Muhun Kang ‘21, the president of the Residential Student Congress and a committee member, said his group was charged with finding names that reconcile the ideas of Cornell’s founders to today’s values. “We thought about as Cornell’s founding commitment to any person,” Kang said, “and we wanted to choose names that reflected that inclusive philosophy.”
McClintock (1902-1992) arrived at Cornell as an undergraduate in fall 1919 from Erasmus Hall High School in Flatbush, Brooklyn, eager to study science.
A pioneering geneticist, she published the first genetic map of maize in summer 1931 in the journal Proceedings of the National Academy of Sciences. A half-century later, in 1983, she became the first woman in history to win an unshared Nobel Prize in Physiology or Medicine for her discovery of “mobile genetic elements,” known as genetic transposition – or, as she called them, “jumping genes.”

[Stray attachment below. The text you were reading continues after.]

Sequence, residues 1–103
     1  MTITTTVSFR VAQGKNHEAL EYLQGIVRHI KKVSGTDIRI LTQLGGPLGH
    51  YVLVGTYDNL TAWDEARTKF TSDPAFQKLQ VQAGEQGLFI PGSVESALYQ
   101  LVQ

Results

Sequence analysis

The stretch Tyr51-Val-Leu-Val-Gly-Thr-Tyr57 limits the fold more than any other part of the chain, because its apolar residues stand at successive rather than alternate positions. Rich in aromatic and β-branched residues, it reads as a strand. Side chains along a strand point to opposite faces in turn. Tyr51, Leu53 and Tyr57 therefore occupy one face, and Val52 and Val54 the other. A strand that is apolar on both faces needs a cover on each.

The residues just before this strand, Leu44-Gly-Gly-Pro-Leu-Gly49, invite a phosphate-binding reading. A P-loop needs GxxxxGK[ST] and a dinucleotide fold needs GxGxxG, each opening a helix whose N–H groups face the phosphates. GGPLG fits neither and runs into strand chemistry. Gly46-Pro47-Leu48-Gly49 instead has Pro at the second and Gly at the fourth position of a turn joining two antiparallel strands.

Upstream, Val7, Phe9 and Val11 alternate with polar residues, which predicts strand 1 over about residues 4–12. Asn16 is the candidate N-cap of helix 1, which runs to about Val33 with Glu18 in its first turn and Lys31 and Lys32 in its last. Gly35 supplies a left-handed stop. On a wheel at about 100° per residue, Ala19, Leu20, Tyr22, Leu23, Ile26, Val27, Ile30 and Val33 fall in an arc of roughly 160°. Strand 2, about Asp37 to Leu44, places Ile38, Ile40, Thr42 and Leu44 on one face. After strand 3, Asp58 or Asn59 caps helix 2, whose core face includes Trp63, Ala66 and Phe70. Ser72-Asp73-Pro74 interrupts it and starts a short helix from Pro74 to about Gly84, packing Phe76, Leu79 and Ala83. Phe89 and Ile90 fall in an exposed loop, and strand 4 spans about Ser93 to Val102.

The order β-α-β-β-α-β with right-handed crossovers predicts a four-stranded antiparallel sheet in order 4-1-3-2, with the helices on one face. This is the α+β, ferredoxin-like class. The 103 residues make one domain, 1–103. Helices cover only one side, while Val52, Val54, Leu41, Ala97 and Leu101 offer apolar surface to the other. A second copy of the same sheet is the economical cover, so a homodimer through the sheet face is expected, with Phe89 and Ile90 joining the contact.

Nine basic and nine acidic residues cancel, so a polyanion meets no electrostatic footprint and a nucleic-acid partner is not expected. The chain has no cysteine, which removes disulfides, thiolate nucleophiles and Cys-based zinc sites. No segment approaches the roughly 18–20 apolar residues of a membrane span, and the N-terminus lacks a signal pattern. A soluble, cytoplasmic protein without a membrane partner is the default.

McClintock studied corn’s hereditary characteristics by examining the different color kernels, observing how characteristics are passed down through generations and how genetic elements can sometimes change position on a chromosome.
For this recognition, Cornell’s Faculty Senate passed Resolution 156 on Nov. 18, 2020, in her honor.
“Barbara McClintock took genetics to a new level,” said Susan R. McCouch, a Barbara McClintock Professor of Plant Breeding and Genetics. “She never doubted her observations and she created a new way to understand them. It defied the norms of the time, as other scientists did not take her seriously.”
Hu Shih (1891-1962) revolutionized the Chinese language and is widely considered one of Cornell’s most notable Chinese alumni.
Hu was a leader of the New Culture (favoring democracy) and the anti-imperialist May Fourth movements in China during the early 20th century. While at Cornell, he led the campaign to replace classical Chinese literary language – a difficult language to master – with a new, easier living language that made literature and learning more accessible to large numbers of the Chinese. It positioned China to play a more prominent role on the world stage, according to former Cornell President Hunter R. Rawlings III, in a 2006 Cornell Chronicle article.
As a sophomore, Hu led an effort to donate more than 300 Chinese books to Cornell University Library, laying the foundation for what would become one of the best collections of East Asia materials in the U.S.